Click here if you don’t see subscription options
FaithFaith in Focus
Holly Taylor Coolman
What is it that draws so many people to a church’s pews week after week?
A priest in a purple alb collects ashes on his fingers for Ash Wednesday.
FaithVantage Point
Joseph A. O’Hare
From 1982: “When unemployment and nuclear weapons sound the notes of despair and dread in our land, many Catholics too may find the sober lessons of Lent more instructive than ever this year.”
A woman with a cross of ashes on her forehead.
FaithVantage Point
Frank Moan
“Isn’t it odd that 2,000 years after the Resurrection the emphasis in Christianity is still more on the cross than on the empty tomb?” wrote Frank Moan, S.J., in 1982.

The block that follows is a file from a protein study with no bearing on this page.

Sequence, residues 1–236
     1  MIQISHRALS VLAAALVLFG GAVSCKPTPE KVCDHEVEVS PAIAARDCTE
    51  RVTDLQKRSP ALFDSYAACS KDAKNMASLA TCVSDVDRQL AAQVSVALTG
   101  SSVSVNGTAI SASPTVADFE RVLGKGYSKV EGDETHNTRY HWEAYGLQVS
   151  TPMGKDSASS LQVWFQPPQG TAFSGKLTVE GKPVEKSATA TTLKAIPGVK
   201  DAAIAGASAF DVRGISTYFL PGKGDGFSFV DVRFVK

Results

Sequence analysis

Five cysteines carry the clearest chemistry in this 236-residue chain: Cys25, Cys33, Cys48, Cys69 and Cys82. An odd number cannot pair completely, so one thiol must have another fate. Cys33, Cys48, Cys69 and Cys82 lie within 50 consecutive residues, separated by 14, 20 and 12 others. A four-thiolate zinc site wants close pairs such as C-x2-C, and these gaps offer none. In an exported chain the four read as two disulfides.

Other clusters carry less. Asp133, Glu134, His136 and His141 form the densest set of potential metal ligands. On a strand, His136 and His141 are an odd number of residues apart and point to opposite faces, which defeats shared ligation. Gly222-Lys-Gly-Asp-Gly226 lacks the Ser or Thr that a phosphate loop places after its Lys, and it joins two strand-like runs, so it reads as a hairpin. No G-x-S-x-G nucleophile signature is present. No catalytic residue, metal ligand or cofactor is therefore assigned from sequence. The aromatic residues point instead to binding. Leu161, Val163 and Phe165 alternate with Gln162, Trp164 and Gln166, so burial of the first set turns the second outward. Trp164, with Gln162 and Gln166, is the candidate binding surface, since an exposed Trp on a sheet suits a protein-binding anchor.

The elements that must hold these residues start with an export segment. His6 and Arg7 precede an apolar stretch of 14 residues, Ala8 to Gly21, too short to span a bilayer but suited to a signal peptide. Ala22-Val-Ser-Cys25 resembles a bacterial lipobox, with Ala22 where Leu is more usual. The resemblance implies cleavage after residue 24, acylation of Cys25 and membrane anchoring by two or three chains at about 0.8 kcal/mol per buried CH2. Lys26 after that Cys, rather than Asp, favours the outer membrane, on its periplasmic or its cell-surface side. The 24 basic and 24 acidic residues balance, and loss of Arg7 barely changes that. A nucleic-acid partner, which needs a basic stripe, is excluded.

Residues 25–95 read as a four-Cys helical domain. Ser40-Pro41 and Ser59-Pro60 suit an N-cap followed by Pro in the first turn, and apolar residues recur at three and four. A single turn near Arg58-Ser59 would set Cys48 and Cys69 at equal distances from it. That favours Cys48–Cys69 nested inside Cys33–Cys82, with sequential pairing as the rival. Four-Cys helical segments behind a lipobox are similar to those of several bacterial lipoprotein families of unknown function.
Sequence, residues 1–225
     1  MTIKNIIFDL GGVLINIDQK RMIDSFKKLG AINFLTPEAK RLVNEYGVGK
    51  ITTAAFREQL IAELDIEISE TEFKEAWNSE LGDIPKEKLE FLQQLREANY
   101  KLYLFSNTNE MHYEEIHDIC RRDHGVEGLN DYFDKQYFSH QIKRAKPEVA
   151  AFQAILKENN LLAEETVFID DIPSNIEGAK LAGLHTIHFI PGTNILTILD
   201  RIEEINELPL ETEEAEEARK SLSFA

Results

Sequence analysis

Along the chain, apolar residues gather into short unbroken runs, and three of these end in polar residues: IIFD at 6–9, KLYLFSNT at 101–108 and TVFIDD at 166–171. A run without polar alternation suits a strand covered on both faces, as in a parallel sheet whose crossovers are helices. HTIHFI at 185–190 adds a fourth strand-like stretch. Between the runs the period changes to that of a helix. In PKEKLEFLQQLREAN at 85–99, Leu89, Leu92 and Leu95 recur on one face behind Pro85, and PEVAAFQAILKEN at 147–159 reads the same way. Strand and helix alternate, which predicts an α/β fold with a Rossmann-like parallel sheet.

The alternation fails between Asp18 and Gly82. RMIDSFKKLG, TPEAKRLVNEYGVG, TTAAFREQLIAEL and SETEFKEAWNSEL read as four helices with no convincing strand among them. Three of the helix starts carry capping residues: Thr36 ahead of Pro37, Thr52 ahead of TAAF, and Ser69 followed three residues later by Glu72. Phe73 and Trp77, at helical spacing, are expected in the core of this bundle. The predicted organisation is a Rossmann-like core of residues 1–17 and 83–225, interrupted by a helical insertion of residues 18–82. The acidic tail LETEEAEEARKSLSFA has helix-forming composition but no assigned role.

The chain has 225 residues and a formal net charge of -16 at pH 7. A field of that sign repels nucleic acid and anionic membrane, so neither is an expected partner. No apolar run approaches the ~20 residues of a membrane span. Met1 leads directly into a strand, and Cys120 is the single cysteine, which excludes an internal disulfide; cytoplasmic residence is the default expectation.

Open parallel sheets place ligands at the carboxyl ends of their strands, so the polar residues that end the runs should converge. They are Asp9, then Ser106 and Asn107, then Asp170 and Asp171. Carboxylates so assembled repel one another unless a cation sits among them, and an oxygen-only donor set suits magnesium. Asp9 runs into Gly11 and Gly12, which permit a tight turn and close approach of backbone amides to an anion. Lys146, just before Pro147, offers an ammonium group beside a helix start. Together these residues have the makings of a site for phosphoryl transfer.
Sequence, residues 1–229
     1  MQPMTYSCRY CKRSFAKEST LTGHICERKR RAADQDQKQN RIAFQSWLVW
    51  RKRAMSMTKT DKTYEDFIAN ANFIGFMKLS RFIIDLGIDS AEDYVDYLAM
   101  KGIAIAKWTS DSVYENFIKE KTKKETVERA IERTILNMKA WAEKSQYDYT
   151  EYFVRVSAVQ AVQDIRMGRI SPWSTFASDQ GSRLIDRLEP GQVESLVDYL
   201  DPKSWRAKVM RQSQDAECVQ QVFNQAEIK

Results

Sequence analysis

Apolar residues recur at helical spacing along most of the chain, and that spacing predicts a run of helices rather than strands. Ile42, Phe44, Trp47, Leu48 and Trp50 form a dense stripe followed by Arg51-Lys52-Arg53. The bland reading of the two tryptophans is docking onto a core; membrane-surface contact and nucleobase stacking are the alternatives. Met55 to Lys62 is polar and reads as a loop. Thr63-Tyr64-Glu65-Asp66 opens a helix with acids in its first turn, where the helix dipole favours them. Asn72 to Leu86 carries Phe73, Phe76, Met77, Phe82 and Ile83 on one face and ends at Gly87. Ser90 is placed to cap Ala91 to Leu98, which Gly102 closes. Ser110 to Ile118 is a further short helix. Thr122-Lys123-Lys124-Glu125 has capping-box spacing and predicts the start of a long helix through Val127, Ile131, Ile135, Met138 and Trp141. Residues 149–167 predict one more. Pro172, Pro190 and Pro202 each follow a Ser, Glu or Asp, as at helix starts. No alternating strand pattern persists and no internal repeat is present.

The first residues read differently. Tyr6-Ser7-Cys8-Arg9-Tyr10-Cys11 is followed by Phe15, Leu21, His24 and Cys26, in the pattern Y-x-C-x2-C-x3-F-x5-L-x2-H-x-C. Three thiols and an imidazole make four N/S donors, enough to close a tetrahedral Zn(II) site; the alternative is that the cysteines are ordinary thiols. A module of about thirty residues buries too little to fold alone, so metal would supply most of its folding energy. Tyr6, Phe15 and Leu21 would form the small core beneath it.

A penitent receives ashes at St. Patrick's Cathedral in New York City during Ash Wednesday Mass Feb. 17, 2021, amid the coronavirus pandemic.
FaithFaith and Reason
Bruce T. Morrill
Ash Wednesday isn’t a holy day of obligation, but in English-speaking countries, it still has a powerful draw even for Catholics who are otherwise non-practicing.
Father Stephen Saffron, parish administrator, elevates the Eucharist during a Tridentine Mass at St. Josaphat Church in the Queens borough of New York City.
Catholic News Service
Pope Francis has confirmed that members of the Fraternity of St. Peter may continue to celebrate the Mass, sacraments and Liturgy of the Hours using the pre-Vatican II texts and forms, the fraternity said.
FaithFaith in Focus
Torey Lightcap
My formal, reserved church could take a cue from those who pray with raw urgency.